With a mother’s fatal illness, this series follows a family as it deals with tragedy and change.
STAR RATING: 3.5/5
MUST-WATCH: Amalia Williamson who plays Maddie, is a new face and surely a talent to watch out for. Her hospital scene with her mum Sara and her confrontation scene with her dad John West (William Badlwin) when she comes home drunk is a very realistic portrayal of a dysfunctional teen.
Northern Rescue, the 10 episode family drama on Netflix may well be a production right out of Karan Johar’s Dharma stables. The opening episode is as melodramatic as the opening scene from Kuch Kuch Hota Hai. John West, played by William Baldwin, who bears an uncanny resemblance to his brother Alec Baldwin, loses his wife Sarah (Michelle Nolden) to stage 4 Cancer. The diagnosis is sudden and she hardly has any time left. The big C has sadly become so rampant today that anyone who has experienced a similar situation will be able to relate to this sensitive moment. The happy family comprising husband, wife and three teenagers — Maddie (Amalia Williamson) Scout (Spencer Macpherson) and Taylor (Taylor Thorne) is completely torn apart as their lives fall into shambles with their mother’s sudden death. The children deal with it in their own individualistic manner. The feisty but hot headed Maddie appears to have issues with her mother (skeletons in the closet come tumbling out gradually) and tells her ruthlessly,
“I feel sorry for you but what am I supposed to do,” expressing her confusion and conflict to her dying mother on her hospital bed.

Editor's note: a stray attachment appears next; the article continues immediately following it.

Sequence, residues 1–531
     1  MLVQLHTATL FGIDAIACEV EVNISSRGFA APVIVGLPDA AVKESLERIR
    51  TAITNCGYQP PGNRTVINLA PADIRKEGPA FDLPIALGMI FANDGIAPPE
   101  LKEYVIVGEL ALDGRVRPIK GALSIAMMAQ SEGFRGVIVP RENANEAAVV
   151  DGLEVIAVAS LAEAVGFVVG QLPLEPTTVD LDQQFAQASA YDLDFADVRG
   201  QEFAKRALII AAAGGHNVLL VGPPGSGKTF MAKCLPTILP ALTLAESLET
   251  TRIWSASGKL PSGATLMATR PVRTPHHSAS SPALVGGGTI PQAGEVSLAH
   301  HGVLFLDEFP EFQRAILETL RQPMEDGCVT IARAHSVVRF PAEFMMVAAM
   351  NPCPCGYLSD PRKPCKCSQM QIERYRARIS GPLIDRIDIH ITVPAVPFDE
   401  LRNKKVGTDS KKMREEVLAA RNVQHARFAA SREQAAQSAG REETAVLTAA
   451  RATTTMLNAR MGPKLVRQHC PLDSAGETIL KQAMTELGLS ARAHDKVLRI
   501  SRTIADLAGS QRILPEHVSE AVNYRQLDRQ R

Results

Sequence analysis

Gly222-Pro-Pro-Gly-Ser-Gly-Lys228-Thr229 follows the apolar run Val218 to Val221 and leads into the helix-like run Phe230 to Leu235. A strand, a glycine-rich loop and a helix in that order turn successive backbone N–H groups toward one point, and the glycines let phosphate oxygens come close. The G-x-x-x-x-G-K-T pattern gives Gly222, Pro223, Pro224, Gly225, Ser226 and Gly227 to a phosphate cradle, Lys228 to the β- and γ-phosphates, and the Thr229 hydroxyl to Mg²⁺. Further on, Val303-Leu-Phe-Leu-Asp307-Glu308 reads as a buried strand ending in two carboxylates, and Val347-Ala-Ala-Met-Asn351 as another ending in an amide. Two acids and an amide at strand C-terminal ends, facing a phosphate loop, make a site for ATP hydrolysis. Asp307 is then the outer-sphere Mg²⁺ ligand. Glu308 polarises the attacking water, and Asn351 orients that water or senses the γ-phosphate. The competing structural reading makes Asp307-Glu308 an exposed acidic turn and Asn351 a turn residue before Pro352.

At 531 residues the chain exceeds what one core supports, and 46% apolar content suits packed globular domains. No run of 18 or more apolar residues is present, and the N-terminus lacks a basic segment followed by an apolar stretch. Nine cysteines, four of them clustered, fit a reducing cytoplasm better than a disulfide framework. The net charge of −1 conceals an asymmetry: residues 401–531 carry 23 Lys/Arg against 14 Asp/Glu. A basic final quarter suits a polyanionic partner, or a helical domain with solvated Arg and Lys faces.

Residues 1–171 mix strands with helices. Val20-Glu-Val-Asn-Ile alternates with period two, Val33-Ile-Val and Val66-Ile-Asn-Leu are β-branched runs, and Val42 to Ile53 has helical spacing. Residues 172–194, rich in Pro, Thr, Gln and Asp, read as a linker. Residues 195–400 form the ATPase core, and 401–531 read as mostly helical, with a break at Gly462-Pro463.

John’s professional life is also at crossroads as a promotion he aspires for as a search and rescue head (SAR) goes to a colleague. Disappointed and disoriented, John’s life is in a flux, as be bravely tries to cope with the loss of his beloved wife and deal with three angry (sudden death leaves them in shock) and depressed teenagers. John decides to relocate his kids to his small northern hometown, Turtle Bay, much to their dismay. He also does this based on the advice given by his sister-in-law Charlie Anders (Kathleen Robertson), who offers her home to the family.
In a dramatic twist, Charlie’s home burns down in an accident just as John and his children arrive. Almost homeless, they are forced to live in an abandoned fish tank. Yes, this is rather weird — the logic being this will be their temporary home, till they find a place of their own. Which incidentally never happens till the series ends. Why can’t a SAR professional rent a home? But this gaffe aside, the plot explores the dynamics of the father and children equation. Maddie is perennially angry with her father, and ends up getting jailed twice and is forced to attend therapy after she assaults a classmate in a bloodied fight. And that’s when the secrets unfold. She knows her mother’s secret, and feels that his marriage was a farce. She is angry with her dead mother for suddenly dying and abandoning them and for cheating on her dad.
But does Sarah actually have an affair with her old schoolmate or is this Maddie’s inference from old letters? That somehow seems like a gray area even till the very end. But the drama is addictive; you do end up binge watching all 10 episodes because every episode has a dramatic twist, the return of Charlie’s lover after a five year gap, or Maddie’s identity which hits her hard in the last episode. To reveal more, would take the thrill away, so watch this series to fill in the blanks.